Vox com has an article on the above subject by Joseph Stromberg. I now quote his article below: On June 9, 2015 the vox com
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“Although rejected or ignored, this 117 ± 2 Byr value for the 147Sm half-life, which agrees with some earlier determinations, may well be highly significant and more reliable than the adopted value. Yet, in spite of the many experiments directly measuring 147Sm decay, preference has been given to the half-life value of 106 ± 0.8 Byr determined by forcing the Sm-Nd data to agree with Pb-Pb dates. But many unprovable assumptions are also involved, not the least being that the radioisotope systems closed at the same time and subsequently remained closed. Furthermore, even this “gold standard” has unresolved uncertainties due to the U decay constants being imprecisely known, and to measured variations of the 238U/235U ratio in terrestrial rocks and minerals and in meteorites.
“Both of these factors are so critical to the U-Pb method, as well as the additional factor of knowing the initial concentrations of the daughter and index isotopes, so it should not be used as a standard to determine other decay constants. In any case, the determined half-life of 147Sm has been shown to be dependent on the thicknesses of the Sm counting source and the detector. There is also evidence decay rates of the radioisotopes used for rock dating have not been constant in the past. This only serves to emphasize that if the Sm-Nd dating method has been calibrated against the U-Pb “gold standard” with all its attendant uncertainties, then it cannot be absolute, and therefore it cannot be used to reject the young-earth creationist timescale. Indeed, current radioisotope dating methodologies are at best hypotheses based on extrapolating current measurements and observations back into an assumed deep time history for the cosmos.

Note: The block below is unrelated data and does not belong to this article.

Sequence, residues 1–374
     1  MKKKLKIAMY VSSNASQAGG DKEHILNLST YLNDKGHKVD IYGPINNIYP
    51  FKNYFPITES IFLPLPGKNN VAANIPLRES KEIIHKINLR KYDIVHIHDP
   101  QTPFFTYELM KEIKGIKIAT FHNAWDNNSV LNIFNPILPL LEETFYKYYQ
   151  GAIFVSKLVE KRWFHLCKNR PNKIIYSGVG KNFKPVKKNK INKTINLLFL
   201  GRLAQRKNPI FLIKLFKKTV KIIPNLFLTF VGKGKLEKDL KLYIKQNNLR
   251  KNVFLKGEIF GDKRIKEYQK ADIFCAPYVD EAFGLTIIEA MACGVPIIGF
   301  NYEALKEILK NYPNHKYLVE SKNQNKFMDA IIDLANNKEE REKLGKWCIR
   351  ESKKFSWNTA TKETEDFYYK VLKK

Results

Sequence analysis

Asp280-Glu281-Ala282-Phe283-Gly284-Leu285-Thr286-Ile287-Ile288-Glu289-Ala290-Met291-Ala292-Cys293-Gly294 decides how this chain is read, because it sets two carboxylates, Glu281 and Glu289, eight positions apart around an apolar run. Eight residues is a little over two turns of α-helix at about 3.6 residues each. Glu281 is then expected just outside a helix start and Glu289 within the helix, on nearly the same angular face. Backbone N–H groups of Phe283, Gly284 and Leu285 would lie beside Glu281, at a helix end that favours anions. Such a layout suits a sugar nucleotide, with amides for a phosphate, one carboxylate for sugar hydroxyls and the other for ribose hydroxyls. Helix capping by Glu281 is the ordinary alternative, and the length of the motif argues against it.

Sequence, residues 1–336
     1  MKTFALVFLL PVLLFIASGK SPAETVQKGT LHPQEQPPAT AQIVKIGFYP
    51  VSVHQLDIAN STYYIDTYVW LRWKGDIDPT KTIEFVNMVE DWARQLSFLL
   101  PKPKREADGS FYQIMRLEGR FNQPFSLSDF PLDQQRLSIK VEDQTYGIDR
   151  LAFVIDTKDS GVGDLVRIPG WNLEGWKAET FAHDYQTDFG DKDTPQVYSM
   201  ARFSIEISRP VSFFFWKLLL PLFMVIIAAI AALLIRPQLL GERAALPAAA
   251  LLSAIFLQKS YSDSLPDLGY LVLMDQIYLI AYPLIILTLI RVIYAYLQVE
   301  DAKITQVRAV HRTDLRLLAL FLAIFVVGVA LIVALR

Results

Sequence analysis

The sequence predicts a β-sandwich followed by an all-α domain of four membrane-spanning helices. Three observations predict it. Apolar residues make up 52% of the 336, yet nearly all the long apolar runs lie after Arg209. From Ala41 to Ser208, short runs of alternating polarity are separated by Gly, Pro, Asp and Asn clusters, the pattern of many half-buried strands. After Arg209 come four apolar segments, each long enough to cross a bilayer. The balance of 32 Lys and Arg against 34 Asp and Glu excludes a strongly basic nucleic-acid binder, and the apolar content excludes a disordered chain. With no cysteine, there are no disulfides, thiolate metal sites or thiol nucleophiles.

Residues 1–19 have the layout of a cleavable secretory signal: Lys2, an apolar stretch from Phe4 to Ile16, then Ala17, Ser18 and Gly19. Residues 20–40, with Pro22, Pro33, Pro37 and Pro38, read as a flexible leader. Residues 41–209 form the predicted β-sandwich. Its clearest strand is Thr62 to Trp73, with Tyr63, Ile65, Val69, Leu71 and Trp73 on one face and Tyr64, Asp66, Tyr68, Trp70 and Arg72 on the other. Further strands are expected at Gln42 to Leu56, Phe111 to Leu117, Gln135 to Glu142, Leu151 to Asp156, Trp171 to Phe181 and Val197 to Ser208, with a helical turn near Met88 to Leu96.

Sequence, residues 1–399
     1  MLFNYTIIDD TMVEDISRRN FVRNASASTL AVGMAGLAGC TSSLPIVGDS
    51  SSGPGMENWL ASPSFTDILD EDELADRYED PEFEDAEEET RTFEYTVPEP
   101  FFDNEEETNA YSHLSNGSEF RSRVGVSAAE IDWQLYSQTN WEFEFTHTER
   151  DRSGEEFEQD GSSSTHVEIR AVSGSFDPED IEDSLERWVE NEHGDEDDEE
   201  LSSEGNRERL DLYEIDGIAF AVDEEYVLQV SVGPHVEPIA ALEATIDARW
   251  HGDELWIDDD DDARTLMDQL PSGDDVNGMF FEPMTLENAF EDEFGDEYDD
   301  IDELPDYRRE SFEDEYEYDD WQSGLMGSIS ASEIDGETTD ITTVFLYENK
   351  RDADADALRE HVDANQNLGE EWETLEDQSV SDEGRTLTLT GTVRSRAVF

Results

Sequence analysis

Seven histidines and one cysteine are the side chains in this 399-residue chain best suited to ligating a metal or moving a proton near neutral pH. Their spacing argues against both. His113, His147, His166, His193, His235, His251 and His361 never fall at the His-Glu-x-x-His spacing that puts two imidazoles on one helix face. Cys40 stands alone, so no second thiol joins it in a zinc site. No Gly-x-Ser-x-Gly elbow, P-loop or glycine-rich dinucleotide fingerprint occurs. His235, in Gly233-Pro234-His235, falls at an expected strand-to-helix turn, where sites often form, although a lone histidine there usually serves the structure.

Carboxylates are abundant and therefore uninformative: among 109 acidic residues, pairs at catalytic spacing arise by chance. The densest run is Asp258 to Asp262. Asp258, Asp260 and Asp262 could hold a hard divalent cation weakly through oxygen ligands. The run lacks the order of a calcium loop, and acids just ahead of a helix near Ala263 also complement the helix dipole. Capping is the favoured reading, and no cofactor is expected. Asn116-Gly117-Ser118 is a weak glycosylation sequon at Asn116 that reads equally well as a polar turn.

“However, accurate radioisotopic age determinations require that the decay constants of the respective parent radionuclides be accurately known and constant in time. Ideally, the uncertainty of the decay constants should be negligible compared to, or at least be commensurate with, the analytical uncertainties of the mass spectrometer measurements of isotopic ratios entering the radioisotope age calculations (Begemann et al. 2001). Clearly, based on the ongoing discussion in the conventional literature this is not the case at present. The stunning improvements in the performance of mass spectrometers during the past four or so decades, starting with the landmark paper by Wasserburg et al. (1969), have not been accompanied by any comparable improvement in the accuracy of the decay constants (Begemann et al. 2001; Steiger and Jäger 1977), in spite of ongoing attempts (Miller 2012).
“The uncertainties associated with most direct half-life determinations are, in most cases, still at the 1% level, which is still significantly better than any radioisotope method for determining the ages of rock formations. However, even uncertainties of only 1% in the half-lives lead to very significant discrepancies in the derived radioisotope ages. The recognition of an urgent need to improve the situation is not new (for example, Min et al. 2000; Renne, Karner, and Ludwig 1998). It continues to be mentioned, at one time or another, by every group active in geo- or cosmochronology (Schmitz 2012). This is a key issue especially for very long half-life radioisotopes due to the very slow accumulation of decay particle counting data, because the statistical error is equal to the square root of the total decay particle counts.
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